10 ways to Identify if you are Surviving Life instead of Thriving

by | Oct 12, 2016 | Surviving vs. Thriving | 14 comments

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I’m going to be brutally honest. Surviving life SUCKS.

Like, really sucks.

As we discussed before, there is a big difference between surviving life and thriving. But how do you know if you’re just surviving life? Is it a feeling? Do you just know? Or is it sometimes hard to tell? Can some people go their whole lives surviving and never “know” (I put it in quotation because I believe that we all know on some level when we are not completely satisfied, we just often make excuses or we choose to focus on the parts of our lives where we are thriving).

Here are 10 ways to identify if you are in survival mode:

YOU DESERVE TO THRIVE!

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Each day you get up because you have to. Surviving is about moving through life without PASSION. Its about just getting by.  Not LOVING life, but just liking it a little bit (or not at all).  It doesn’t mean you’re depressed and always down.  It doesn’t mean that you’re always anxious and worried.  Nope. It means that you’re just getting through the day.  Doing what you have to do. Getting things done.

You often just run through the motions.  Alarm goes off and you get up. You grab your coffee because you need it.  You do your morning routine (whatever that may be) and head to work. You do your work (you might even kickass at it) and you wait until that moment you can go home.  You may even meet friends for happy hour.  You may not.  You even may work out. You may not. You may just go home, plop down on your couch, turn on Netflix, order some take-out and settle down for the night. You may even cook an amazing meal. You may even have a partner to sit down with and chat about your day.  But you often have nothing exciting to share. Yeah, maybe you nailed that presentation, or booked a new client, but still felt like something was missing.  A day without passion means a day that was just another day.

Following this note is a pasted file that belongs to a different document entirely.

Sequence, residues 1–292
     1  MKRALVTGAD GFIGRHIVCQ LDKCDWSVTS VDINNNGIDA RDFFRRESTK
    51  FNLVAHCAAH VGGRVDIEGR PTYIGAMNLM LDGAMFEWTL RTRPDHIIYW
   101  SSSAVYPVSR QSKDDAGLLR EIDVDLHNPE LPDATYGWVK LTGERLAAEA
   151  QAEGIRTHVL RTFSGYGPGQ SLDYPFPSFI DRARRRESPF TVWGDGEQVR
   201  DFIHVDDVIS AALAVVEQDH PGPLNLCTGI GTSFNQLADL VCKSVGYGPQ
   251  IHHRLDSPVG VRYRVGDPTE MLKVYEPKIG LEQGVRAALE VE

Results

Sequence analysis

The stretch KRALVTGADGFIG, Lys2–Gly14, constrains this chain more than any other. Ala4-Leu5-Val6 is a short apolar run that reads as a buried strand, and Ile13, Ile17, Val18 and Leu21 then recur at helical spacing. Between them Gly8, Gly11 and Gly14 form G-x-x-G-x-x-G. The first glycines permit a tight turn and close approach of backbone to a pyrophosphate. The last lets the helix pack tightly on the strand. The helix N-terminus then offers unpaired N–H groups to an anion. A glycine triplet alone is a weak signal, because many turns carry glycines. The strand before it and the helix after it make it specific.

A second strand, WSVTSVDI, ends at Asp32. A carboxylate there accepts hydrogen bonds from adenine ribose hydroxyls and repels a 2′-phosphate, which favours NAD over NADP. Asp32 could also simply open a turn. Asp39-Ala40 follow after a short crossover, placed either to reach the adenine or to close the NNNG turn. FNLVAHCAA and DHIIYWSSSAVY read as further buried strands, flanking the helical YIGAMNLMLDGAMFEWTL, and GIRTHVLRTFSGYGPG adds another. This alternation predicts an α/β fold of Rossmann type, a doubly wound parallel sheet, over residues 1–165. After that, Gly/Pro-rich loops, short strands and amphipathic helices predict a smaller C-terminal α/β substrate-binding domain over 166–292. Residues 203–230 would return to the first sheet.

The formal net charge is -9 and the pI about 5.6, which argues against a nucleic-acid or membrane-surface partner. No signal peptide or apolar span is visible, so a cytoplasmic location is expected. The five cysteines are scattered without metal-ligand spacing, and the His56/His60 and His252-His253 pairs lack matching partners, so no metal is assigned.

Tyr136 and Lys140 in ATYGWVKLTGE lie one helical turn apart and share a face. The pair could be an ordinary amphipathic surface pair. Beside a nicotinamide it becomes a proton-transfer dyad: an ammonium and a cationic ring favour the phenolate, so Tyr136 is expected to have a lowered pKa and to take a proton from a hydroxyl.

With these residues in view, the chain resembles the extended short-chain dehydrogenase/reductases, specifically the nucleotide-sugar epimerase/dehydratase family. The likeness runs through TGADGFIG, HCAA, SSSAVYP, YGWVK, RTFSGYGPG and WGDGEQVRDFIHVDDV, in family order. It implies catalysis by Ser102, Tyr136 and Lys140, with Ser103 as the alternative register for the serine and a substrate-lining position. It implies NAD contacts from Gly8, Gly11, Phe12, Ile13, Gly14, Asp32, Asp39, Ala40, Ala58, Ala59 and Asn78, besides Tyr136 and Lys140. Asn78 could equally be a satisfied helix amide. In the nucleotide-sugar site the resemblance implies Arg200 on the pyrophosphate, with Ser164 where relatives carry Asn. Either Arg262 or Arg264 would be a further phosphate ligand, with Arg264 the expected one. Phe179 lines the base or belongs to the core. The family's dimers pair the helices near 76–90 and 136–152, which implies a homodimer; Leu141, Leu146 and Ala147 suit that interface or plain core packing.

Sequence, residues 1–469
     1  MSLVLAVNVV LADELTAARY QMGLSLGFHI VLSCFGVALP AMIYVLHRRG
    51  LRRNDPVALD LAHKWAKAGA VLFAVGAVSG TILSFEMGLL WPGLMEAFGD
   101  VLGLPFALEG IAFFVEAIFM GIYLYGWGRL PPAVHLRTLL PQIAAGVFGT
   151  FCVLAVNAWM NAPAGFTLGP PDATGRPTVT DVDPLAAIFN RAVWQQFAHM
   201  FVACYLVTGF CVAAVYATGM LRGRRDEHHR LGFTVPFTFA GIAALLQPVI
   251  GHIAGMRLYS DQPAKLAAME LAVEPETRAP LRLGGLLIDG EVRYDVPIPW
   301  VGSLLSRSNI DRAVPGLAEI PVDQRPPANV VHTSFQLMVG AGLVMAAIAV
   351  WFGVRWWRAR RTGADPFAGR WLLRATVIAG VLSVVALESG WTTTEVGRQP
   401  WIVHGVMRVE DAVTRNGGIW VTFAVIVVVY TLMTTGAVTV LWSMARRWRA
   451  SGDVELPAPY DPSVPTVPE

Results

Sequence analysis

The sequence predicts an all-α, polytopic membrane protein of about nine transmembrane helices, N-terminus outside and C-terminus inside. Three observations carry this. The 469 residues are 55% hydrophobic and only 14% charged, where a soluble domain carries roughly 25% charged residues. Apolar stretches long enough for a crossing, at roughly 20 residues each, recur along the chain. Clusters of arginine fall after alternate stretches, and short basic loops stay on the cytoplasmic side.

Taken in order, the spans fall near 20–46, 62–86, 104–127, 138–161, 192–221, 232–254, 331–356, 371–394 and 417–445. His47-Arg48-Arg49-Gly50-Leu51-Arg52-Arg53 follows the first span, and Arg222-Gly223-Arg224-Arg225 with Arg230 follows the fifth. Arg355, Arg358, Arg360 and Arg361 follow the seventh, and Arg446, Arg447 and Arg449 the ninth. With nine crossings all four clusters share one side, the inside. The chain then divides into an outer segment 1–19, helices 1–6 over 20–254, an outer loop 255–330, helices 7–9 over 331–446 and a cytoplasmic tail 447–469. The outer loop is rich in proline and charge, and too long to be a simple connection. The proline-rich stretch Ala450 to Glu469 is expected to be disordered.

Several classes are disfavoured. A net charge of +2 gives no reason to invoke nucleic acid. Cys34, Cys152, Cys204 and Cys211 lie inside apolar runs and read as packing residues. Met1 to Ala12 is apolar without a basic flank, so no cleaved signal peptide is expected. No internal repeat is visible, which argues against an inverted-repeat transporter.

You are engaged in the things you are doing, but you’re not excited about them.  To just be surviving doesn’t mean that you’re not successful in your job.  It also doesn’t mean you’re in a low-paying, dead-end job.  You could be running your own company and still be in the surviving category.  You could be making $1 million a year and be surviving (I know that sounds ludicrous to some of you, but money definitely isn’t everything – and yes, yes, that’s what they all say).  You could be moving up the corporate ladder at an earth-shattering pace. Yes, you can be all these things (because you’re still a kickass human being who is pretty freakin’ smart) and still be just surviving. And this relates to relationships too (don’t think I forget about your love life!).